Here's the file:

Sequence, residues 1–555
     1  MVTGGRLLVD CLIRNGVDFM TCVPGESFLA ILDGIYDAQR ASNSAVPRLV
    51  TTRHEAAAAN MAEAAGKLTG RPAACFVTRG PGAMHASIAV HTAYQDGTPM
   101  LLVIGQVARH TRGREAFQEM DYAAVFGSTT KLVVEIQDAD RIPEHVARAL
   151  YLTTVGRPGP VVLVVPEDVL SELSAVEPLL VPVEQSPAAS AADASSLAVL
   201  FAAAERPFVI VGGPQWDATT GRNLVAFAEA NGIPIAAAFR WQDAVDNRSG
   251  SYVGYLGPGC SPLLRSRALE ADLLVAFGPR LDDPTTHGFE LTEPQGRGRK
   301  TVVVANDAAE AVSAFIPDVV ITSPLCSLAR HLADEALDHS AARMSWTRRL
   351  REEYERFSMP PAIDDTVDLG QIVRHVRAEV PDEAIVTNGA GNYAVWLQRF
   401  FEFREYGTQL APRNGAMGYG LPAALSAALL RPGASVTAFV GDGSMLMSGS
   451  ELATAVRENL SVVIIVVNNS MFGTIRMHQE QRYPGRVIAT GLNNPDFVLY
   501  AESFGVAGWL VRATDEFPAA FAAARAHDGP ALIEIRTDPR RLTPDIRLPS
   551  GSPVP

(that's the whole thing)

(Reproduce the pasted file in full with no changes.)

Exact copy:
Sequence, residues 1–555
     1  MVTGGRLLVD CLIRNGVDFM TCVPGESFLA ILDGIYDAQR ASNSAVPRLV
    51  TTRHEAAAAN MAEAAGKLTG RPAACFVTRG PGAMHASIAV HTAYQDGTPM
   101  LLVIGQVARH TRGREAFQEM DYAAVFGSTT KLVVEIQDAD RIPEHVARAL
   151  YLTTVGRPGP VVLVVPEDVL SELSAVEPLL VPVEQSPAAS AADASSLAVL
   201  FAAAERPFVI VGGPQWDATT GRNLVAFAEA NGIPIAAAFR WQDAVDNRSG
   251  SYVGYLGPGC SPLLRSRALE ADLLVAFGPR LDDPTTHGFE LTEPQGRGRK
   301  TVVVANDAAE AVSAFIPDVV ITSPLCSLAR HLADEALDHS AARMSWTRRL
   351  REEYERFSMP PAIDDTVDLG QIVRHVRAEV PDEAIVTNGA GNYAVWLQRF
   401  FEFREYGTQL APRNGAMGYG LPAALSAALL RPGASVTAFV GDGSMLMSGS
   451  ELATAVRENL SVVIIVVNNS MFGTIRMHQE QRYPGRVIAT GLNNPDFVLY
   501  AESFGVAGWL VRATDEFPAA FAAARAHDGP ALIEIRTDPR RLTPDIRLPS
   551  GSPVP